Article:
In general, wear is mechanically induced surface damage that results in the progressive removal of material due to relative motion between that surface and a contacting substance or substances. A contacting substance may consist of another surface, a fluid, or hard, abrasive particles contained in some form of fluid or suspension, such as a lubricant. As is with friction, the presence of wear can be either good or bad. Productive, controlled wear can be found in processes like machining, cutting, grinding, and polishing. However, in most technological applications, the occurrence of wear is highly undesirable, and it is an enormously expensive problem since it leads to the deterioration or failure of components. In terms of safety, it is often not as serious (or as sudden) as a fracture, and this is because the wear is usually anticipated.
Certain material characteristics such as hardness, carbide type, and volume percent can have a decided impact on the wear resistance of a material in a given application. Wear, like corrosion, has multiple types and subtypes that are predictable to some extent and are rather difficult to test and evaluate in the lab or service reliably.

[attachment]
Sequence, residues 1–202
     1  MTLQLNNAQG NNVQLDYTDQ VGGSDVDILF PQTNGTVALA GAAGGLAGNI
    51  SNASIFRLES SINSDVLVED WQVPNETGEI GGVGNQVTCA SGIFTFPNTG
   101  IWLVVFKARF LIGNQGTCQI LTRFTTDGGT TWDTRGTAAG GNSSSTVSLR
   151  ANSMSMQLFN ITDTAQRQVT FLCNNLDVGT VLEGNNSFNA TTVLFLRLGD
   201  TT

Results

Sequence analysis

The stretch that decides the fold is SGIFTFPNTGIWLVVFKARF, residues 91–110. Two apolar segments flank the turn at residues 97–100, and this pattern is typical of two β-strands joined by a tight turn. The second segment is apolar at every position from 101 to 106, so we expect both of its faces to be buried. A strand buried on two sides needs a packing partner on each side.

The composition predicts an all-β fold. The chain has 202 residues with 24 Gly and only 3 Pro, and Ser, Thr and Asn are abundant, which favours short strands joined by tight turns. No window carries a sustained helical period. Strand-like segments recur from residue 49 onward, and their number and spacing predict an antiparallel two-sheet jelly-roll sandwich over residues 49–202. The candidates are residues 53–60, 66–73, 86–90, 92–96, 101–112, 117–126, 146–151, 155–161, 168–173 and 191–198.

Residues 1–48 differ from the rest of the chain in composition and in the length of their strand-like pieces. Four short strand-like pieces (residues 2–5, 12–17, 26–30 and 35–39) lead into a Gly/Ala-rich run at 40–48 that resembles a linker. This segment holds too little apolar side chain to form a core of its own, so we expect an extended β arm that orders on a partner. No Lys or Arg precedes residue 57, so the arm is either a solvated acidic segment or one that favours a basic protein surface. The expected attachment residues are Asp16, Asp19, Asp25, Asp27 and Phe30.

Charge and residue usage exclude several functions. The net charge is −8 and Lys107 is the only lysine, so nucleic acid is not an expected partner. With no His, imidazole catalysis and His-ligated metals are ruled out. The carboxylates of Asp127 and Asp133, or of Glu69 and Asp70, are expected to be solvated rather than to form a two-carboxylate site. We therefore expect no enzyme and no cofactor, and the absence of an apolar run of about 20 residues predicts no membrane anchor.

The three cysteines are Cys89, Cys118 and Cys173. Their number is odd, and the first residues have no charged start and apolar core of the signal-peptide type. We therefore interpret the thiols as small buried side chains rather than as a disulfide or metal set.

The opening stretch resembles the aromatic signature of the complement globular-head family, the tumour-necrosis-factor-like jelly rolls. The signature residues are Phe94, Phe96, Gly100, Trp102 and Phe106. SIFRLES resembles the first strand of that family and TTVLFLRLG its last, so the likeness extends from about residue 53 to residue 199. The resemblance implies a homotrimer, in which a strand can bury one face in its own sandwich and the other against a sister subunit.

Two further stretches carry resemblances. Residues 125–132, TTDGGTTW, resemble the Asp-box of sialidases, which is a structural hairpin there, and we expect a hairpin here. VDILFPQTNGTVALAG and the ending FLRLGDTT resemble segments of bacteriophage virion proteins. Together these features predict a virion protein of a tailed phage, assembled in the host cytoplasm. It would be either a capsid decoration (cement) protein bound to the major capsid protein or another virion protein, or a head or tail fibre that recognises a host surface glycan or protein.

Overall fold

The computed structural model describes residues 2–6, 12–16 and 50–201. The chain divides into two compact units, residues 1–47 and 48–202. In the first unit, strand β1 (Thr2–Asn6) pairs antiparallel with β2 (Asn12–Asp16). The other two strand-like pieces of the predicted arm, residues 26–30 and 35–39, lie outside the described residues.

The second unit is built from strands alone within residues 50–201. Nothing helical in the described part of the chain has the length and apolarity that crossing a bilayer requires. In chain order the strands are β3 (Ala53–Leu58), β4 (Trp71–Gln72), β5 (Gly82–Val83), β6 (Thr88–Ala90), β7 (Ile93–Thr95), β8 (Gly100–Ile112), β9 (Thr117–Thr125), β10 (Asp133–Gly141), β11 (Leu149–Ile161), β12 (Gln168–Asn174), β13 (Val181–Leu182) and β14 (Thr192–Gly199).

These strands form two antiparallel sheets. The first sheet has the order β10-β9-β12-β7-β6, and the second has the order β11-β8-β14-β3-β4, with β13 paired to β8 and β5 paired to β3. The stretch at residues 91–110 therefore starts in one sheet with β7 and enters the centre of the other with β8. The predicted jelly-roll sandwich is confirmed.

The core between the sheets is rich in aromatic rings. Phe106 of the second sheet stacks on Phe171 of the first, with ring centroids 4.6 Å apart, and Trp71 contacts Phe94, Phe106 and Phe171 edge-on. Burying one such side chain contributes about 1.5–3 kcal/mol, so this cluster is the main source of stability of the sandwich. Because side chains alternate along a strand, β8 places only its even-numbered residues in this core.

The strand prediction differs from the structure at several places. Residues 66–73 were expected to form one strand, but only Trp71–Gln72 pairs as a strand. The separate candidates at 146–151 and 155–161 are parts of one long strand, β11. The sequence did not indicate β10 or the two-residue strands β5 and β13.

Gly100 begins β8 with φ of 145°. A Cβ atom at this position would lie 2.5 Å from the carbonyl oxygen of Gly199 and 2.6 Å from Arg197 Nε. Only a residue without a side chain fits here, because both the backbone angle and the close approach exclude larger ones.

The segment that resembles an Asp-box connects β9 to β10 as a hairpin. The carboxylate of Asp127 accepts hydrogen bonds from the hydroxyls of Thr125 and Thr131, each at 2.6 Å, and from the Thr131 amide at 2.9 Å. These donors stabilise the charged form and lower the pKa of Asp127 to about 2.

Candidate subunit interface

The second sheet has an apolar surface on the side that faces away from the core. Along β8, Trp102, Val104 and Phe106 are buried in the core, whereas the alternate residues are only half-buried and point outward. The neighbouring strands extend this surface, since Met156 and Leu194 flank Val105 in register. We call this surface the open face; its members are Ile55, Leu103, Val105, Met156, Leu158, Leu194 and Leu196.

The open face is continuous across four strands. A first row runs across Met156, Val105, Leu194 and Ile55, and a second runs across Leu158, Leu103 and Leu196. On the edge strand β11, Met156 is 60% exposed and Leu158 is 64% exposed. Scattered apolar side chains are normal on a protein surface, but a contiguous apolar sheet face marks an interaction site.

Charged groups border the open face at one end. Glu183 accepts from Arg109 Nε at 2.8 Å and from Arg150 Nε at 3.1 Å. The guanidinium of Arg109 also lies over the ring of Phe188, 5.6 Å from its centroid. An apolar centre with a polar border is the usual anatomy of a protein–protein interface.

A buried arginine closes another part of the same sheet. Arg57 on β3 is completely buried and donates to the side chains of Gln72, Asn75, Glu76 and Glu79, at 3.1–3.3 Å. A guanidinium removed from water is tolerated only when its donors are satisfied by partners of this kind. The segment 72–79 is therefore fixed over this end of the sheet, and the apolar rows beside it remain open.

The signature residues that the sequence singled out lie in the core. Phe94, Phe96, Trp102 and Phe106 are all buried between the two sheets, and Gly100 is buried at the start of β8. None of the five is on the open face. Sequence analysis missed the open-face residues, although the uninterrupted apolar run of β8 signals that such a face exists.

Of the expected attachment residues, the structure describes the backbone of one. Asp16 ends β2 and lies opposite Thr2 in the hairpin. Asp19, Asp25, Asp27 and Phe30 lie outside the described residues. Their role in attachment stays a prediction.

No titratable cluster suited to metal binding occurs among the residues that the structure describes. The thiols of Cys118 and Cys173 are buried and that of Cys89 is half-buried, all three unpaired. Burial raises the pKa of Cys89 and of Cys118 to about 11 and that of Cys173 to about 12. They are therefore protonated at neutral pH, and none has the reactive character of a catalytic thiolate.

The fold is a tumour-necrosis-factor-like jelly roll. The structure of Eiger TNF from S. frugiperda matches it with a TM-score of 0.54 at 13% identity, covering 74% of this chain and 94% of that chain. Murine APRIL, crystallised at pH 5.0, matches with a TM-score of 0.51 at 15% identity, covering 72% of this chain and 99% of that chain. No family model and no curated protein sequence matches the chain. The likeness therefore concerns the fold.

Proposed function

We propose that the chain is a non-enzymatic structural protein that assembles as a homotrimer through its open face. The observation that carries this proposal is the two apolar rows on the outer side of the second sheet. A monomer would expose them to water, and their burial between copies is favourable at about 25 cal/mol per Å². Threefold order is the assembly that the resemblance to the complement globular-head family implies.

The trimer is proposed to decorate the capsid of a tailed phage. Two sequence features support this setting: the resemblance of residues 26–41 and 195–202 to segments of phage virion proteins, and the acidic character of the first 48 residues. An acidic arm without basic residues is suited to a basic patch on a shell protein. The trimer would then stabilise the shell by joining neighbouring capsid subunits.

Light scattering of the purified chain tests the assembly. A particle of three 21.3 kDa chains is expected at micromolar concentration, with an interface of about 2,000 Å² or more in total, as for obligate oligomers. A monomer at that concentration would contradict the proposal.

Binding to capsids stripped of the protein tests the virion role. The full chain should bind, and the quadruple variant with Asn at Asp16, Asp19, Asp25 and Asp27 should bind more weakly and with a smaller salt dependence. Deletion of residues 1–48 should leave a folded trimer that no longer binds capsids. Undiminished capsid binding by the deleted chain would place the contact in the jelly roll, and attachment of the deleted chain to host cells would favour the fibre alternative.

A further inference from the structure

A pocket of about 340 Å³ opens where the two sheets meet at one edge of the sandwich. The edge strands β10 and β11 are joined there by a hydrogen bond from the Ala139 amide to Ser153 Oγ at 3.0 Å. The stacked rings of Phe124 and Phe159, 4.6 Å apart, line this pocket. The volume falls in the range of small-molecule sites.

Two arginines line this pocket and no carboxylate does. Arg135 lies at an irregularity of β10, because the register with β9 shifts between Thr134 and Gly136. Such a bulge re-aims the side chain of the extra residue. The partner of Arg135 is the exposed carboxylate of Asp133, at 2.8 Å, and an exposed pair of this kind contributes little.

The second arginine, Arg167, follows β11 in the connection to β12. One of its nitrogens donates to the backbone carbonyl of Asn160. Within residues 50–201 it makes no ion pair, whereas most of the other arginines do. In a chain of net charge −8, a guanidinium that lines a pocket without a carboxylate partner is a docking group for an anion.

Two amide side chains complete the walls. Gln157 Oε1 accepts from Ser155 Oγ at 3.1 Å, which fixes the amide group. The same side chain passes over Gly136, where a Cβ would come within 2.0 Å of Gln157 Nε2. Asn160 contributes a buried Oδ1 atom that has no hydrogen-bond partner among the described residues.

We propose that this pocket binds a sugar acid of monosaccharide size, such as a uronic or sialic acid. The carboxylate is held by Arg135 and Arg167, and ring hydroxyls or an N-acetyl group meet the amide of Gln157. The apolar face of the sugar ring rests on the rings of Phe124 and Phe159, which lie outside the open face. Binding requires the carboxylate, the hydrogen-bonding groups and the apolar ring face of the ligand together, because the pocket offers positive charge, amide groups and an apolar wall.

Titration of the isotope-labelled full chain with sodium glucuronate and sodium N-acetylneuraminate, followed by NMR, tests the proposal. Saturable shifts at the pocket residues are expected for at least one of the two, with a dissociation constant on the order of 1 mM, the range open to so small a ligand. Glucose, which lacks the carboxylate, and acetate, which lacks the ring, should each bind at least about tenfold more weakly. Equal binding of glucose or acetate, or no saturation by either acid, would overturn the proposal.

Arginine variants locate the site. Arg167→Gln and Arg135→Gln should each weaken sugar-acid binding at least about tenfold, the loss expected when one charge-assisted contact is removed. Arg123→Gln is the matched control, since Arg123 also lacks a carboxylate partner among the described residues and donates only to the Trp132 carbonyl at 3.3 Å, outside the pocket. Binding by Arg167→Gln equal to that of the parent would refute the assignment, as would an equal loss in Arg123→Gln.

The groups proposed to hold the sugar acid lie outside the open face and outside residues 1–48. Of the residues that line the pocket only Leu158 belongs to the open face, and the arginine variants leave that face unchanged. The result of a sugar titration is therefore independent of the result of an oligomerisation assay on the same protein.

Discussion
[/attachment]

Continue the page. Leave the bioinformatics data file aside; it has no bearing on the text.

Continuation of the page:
Corrosive and oxidation wear
Corrosive wear is a material degradation process due to the combined effect of corrosion and wear. It is the wear process in which sliding occurs in a corrosive environment. In the absence of sliding, the products of the corrosion (e.g., oxides) would form a film typically less than a micrometer thick on the surfaces, which would tend to slow down or even eliminate the corrosion, but the sliding action wears the film away so that further corrosion can continue. Oxidation wear is one of the most common forms of corrosive wear because an oxygen-rich environment is a typical environment in which this wear process occurs. Corrosive wear requires both corrosion and rubbing. Chemical corrosion occurs in highly corrosive environments and high temperature and high humidity environments.
Erosion – Corrosion
Erosion can also occur in combination with other forms of degradation, such as corrosion. This is referred to as erosion-corrosion. Erosion corrosion is a material degradation process due to the combined effect of corrosion and wear. Nearly all flowing or turbulent corrosive media can cause erosion corrosion. The mechanism can be described as follows:
- mechanical erosion of the material, or protective (or passive) oxide layer on its surface,
- enhanced corrosion of the material if the corrosion rate of the material depends on the thickness of the oxide layer.
Wear is a mechanical material degradation process occurring on rubbing or impacting surfaces, while corrosion involves chemical or electrochemical reactions of the material. Corrosion may accelerate wear, and wear may accelerate corrosion.